Ian C. Freestone (1992). Ceramic Petrography. American Journal of Archaeology, 99, 111-115.

A short, but succinct, discussion of the important components in the use of ceramic petrology (via petrographic microscopy and geochemical analysis). The points I would wish to emphasize are "geology of the study area" and "a sufficient sample size."

Ian K. Whitbread (1995) We are what we study: Problems in communication and collaboration between ceramologists and archaeological scientists. In: Anders Lindahl and Ole Stilborg (eds.) The Aim of Laboratory Analyses of Ceramic in Archaeology, KVHAA Konferenser (Stockholm), 34, 91-100.

Although this essay is from 1995, it still has relevance in the issue of communication between archaeologically-trained ceramics investigators and those of us from the geologically-trained realm.

Andrew Middleton (1997). Ceramic Petrography. Rev. do Museu de Arqueologia e Etnologia, Sao Paulo, Suplemento 2, 73-79.

Another short but useful introductory paper where the points I would wish to emphasize are the "temper" and "provenace" discussion.

John C. Whittaker and Michael Stafford (1999). Replicas, fakes, and art: The Twenthieth Century Stone Age and its effects on archaeology. American Antiquity, 64(2), 203-214.

A paper we all should read. My reasons were a lance point (Clovis style) found composed of a beautiful micaceous quartz sandstone in a field area I was mapping that were dominated by rhyolitic welded ash-flow tuffs (where the nearest sedimentary rock was a LONG way away). Hmmmmmm - is it real?

Ervan G. Garrison (2001). Physics and Archaeology. Physics Today, 54(10), 32-36.

A good overview paper on the techniques of physics (and chemistry) that are currently being applied to archaeology (including ceramic petrology). Ervan is at University of Georgia at Athen and is a specialist in ground penetrating radar (GPR). This is a good paper for your introductory reading list - I gave it out in Mineralogy to show what is being accomplished with a little cross-disciplinary work.

PRECISION and the SEARCH for ACCURACY (in other words, how good are my analyses?)

Ronald L. Bishop, Veletta Canouts, Patricia L. Crown and Suzanne P. De Atley (1990). Sensitivity, precision and accuracy: Their roles in ceramic composition data bases. American Antiquity, 55(3), 537-546.

My personal bias is that you really have to 'feel' that your results are good before trying to tell everyone else what you found. Here is a good introduction to the questions that you need to address anytime you obtain data on your samples.

M. James Blackman (1992). The Effect of Human Size Sorting on the Mineralogy and Chemistry of Ceramic Clays. In Hector Neff (ed.) Chemical Characterization of Ceramic Pastes in Archaeology, Monographs in World Archaeology No. 7, Prehistory Press, Madison, Wisconsin, 113-124.

This is a paper worth reading - as it addresses a common question "How much does the potter affect the mineralogy of the pot?" This study is for late 3rd Millennium ceramics from Syria - so the final conclusions may different from what you would expect if you examined Wedgewood pottery or fritted ceramics from southern England - where the materials (clays and frit) are manufactured to a specific "recipe". The only 'quibble' that is important to address is the uncertainity in the chemical analyses for the elements. For example, sodium and potassium may have large uncertainities (in X-ray fluoresence analysis, the analytical uncertainity for sodium could be as much as 20% of the measured value). It is important to have and show that information - strengthens your argument and leads to better interpretations.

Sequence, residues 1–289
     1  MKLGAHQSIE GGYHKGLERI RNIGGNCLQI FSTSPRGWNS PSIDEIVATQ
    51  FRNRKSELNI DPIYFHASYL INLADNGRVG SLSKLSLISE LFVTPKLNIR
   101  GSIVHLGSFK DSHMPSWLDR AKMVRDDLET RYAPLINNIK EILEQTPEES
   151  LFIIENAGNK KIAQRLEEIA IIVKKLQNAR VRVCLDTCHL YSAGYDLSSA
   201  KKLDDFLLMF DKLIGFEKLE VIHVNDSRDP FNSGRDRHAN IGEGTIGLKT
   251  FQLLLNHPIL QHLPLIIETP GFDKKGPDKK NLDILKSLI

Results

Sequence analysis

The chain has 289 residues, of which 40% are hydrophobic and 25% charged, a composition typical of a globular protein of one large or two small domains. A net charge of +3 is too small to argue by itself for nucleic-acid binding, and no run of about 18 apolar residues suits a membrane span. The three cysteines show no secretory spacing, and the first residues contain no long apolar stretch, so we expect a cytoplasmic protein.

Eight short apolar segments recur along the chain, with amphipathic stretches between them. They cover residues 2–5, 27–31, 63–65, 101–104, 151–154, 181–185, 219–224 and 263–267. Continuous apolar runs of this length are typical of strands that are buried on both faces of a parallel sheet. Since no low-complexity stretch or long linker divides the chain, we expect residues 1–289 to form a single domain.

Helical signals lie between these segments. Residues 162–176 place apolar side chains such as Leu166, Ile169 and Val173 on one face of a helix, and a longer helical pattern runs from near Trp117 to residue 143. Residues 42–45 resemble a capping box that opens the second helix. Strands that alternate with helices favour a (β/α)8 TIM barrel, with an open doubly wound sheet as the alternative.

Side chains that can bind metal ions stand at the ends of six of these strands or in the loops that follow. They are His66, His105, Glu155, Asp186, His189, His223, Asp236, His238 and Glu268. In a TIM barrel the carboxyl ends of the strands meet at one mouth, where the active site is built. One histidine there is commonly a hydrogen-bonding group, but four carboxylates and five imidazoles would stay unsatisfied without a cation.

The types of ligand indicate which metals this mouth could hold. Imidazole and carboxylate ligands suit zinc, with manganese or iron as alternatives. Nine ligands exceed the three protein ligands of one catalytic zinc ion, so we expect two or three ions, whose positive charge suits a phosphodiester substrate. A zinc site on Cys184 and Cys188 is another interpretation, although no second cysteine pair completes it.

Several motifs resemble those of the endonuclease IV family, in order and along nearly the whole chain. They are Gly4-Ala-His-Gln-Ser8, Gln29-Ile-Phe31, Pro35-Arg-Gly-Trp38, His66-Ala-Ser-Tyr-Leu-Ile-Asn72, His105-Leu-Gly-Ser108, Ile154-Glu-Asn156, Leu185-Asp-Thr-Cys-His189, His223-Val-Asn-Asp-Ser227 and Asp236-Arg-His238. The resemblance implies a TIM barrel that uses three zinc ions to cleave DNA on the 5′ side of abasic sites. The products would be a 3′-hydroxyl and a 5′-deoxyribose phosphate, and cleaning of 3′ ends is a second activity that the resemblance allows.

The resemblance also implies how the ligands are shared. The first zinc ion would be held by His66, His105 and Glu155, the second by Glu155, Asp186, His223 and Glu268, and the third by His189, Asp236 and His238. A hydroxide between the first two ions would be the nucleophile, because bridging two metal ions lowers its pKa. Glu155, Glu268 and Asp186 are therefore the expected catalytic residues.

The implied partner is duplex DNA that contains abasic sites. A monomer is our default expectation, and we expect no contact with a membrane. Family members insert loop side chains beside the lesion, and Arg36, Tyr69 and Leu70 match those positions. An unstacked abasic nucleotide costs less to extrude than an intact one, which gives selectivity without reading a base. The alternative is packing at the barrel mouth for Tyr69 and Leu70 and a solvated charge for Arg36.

L. van der Plas and A. C. Tobi (1965). A chart for judging the reliability of point counting results. American Journal of Science, 263, 87-90.

Probably the most used statistical reference for point counting - however there are some problems with its use (see some of these other papers) - this is where the concept of "300 points ought be good enough" was calcified in the petrographic literature. For the primary reference they use, see Chayes (1956) in the book reference section of this site.

Appendix: Petrographic Analysis of Sandstone. In: F. J. Pettijohn, P.E. Potter and R. Siever (1972), Sand and Sandstone, Springer-Verlag, Berlin. 584-588.

Here is a quick guide to the petrographic interpretation of sandstones - which are often very similar to medium- to coarse-grained quartz (or feldspar) tempered ceramics (such as pre-Contact Indian wares of the southeastern United States). You ought look at this appendix, photocopy the grain-size and counting statistics diagrams for use in any petrographic work.

A.P. Middleton, I.C. Freeston, and M.N. Leese (1985). Textural analysis of ceramic thin sections: evaluation of grain sampling procedures Archaeometry, 27(1), 64-74

James B. Stoltman (1989). A quantitative approach to the petrographic analysis of ceramic thin-sections. American Antiquity, 54 (1), 147-160.

A pretty concise and useful guide which update the classic Chayes (1954) treatise on point counting - plus Stoltman does not go ballastic on systematics.



Richard J. Howarth (1998). Improved estimators of uncertainity in proportions, point-counting and pass-fail test results. American Journal of Science, 298, 564-607.

This is a re-evaluation of the van der Plas and Tobi (1965) error analysis for point-counting. It is more statistically rigorous - but I am not certain (at this time) how practical it is for sherds or rocks. I am compiling a large set of count data on the same sherds to evaluate the practical differences (I will get back to you on this one).

Anatal Jasrai, Miklos Kozak, and Peter Rozsa (1997). Comparison of the methods of rocks: Microscopic grain-size determination and quantitative analysis. Mathematical Geology, 29(8), 977-991.

Pretty dense - mostly a derivation of the statistical interpretation of point-counting (a la Chayes). The point of this paper is that strip counting for mineral distribution (and grain-size analysis) is the most applicable based on degree of uncertainity. However, this paper is based on an assumption that the grain size distribution in the sample is normal (or close to it) - from this they define the aribitrary step spacing for the count procedure. I think there are some problems here - but it may work out - I am going to try and test this with sherds.